Elham Asaad Buaras
Eight out of 10 Americans (82 percent) believe Muslims in the US face discrimination – with 57 percent saying they face “a lot” of discrimination, according to the latest Pew Research.
The 2016 Election survey carried out from November 30 to December 5 showed that the majority of Americans also say that homosexuals and blacks (76 percent), Hispanics (70 percent) and women (60 percent) face at least some discrimination.
Fewer Americans say Jews (44 percent), evangelical Christians (42 percent) or whites (38 percent) face “a lot” or “some” discrimination.
The shares saying there is “a lot” of discrimination against Muslims and blacks have increased since 2013. At that time, when asked a somewhat different version of the question, 45% said there was a lot of discrimination against Muslim Americans; today, 57% see a lot of discrimination against Muslims in society.
The research also shows discrepancies in perceptions based on political affiliation with Democrats being much more likely than Republicans to say Muslims (89 percent), blacks (88 percent), gays and lesbians (86 percent) and Hispanics (82 percent) face a lot or some discrimination in society today. By contrast, Republicans are somewhat more likely than Democrats to see discrimination against evangelical Christians and whites.
Over the last three years, the public has become more likely to say blacks and Muslims face a lot of discrimination in society.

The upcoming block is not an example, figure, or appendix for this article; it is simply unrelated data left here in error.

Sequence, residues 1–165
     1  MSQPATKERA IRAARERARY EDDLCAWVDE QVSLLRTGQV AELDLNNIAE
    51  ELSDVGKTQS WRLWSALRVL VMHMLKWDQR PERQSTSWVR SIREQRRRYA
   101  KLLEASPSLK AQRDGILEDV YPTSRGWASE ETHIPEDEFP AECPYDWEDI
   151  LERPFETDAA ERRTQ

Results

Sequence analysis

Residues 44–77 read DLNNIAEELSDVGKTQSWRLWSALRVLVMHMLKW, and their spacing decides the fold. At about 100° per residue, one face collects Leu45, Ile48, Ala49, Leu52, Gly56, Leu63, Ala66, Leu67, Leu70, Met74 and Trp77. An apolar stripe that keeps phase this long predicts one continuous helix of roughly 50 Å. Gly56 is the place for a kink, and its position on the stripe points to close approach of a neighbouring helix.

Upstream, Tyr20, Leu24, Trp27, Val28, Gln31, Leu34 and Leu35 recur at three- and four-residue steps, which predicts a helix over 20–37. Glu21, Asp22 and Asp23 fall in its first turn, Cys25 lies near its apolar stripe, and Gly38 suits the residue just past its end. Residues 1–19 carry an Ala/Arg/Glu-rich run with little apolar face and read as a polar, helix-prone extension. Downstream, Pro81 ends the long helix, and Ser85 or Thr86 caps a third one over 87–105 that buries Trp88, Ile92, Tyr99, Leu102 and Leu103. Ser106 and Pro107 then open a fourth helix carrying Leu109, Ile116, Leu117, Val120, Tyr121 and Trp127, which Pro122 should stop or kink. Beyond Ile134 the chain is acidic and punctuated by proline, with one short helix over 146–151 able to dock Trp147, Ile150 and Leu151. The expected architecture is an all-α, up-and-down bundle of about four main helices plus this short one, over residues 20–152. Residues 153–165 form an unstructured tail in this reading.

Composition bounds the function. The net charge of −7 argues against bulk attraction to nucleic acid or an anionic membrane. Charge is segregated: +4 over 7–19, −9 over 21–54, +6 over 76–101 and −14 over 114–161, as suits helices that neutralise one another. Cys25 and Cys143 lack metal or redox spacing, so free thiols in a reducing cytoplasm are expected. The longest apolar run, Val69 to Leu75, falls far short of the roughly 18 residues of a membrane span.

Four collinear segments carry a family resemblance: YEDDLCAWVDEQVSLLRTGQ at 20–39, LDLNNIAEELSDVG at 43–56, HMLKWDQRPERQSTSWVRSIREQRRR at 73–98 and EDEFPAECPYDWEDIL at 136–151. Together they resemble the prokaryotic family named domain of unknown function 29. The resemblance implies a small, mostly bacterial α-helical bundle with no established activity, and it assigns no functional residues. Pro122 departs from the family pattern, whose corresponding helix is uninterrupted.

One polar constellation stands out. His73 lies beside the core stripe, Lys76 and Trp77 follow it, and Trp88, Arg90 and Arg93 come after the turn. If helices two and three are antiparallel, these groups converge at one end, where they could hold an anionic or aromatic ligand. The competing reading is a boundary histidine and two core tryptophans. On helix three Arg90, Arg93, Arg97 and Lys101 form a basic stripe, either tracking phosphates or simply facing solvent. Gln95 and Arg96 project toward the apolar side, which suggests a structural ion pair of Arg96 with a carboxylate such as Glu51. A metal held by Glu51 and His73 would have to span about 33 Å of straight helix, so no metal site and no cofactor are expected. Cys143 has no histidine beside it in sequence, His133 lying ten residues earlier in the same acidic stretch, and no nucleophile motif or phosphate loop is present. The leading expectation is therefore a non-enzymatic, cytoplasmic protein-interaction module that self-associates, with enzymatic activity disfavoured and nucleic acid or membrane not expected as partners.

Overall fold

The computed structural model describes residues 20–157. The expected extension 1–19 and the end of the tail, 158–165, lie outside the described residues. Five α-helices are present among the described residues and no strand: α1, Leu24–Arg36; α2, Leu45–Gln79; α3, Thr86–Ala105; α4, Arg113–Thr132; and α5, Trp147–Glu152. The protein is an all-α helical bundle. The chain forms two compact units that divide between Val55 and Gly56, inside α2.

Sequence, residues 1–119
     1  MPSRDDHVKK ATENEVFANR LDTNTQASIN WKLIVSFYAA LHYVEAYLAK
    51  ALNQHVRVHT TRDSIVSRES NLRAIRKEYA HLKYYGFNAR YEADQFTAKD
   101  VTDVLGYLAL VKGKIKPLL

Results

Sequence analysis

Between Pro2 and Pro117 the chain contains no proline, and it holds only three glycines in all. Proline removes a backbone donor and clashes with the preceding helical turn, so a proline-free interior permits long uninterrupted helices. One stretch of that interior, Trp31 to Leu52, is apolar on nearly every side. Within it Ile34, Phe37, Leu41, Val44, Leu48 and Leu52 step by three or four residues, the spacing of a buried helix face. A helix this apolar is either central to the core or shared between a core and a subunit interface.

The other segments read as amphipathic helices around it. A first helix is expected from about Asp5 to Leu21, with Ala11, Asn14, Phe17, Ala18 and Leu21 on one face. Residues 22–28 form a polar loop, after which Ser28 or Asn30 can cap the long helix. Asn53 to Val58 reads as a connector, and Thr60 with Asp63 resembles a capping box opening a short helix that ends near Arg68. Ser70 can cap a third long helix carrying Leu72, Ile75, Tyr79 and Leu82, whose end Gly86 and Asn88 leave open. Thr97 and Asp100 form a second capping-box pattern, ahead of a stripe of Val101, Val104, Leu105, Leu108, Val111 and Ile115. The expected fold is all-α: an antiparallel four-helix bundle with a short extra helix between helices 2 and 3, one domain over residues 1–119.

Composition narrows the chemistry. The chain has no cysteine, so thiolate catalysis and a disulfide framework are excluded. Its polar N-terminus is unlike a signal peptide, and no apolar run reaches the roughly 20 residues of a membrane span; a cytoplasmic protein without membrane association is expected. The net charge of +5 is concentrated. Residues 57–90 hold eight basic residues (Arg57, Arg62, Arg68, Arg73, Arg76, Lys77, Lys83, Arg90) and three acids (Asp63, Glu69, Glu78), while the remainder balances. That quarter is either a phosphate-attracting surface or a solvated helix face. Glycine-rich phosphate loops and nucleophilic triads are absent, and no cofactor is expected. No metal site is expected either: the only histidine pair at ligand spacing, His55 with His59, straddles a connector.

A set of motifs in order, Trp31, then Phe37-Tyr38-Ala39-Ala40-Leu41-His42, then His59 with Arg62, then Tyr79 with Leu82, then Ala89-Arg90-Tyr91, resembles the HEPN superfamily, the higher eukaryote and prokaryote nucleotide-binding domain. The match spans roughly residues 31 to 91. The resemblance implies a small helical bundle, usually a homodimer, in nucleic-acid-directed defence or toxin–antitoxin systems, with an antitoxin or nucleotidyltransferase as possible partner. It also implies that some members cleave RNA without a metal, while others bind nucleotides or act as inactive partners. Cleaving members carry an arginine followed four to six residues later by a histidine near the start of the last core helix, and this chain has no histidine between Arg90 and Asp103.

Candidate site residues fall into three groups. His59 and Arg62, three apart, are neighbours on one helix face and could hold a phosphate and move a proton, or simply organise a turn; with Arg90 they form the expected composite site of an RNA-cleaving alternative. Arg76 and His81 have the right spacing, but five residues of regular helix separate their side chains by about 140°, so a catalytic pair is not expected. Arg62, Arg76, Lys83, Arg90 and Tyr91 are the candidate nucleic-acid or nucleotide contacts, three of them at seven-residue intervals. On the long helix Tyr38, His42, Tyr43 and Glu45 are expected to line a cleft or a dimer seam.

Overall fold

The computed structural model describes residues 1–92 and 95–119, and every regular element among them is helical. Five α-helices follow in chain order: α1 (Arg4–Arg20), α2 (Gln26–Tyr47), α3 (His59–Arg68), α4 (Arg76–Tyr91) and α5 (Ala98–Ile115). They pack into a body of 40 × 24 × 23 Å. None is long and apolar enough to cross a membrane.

The increased perception of Muslims being discriminated against is backed by recent events.
An advocacy group reported that nearly 900 incidents of hate and intolerance were recorded across the US in the days following November’s presidential election, mainly targeting minority groups in the country. “I have no doubt whatsoever that this is a tremendous, tremendous undercount,” said Richard Cohen, President of the Southern Poverty Law Center, which monitors hate crimes.
The group recorded almost 900 cases of harassment and intimidation in the 10 days following Donald Trump’s election, which was cheered by white supremacists and others fired up by his rhetoric disparaging immigrants, Muslims, and women. Most incidents involved graffiti or verbal harassment, although a small number were violent physical altercations. Slightly more than half of the cases were anti-immigrant or anti-black. The incidents were reported in nearly every state in the country, led by California with 99 cases.
The FBI also reported that hate crimes against Muslims in the US surged 67 percent in 2015 – the highest level since the aftermath of the September 11, 2001, terror attacks. The bureau’s Uniform Crime Report documented 257 anti-Muslim hate crimes, up from 154 in 2014.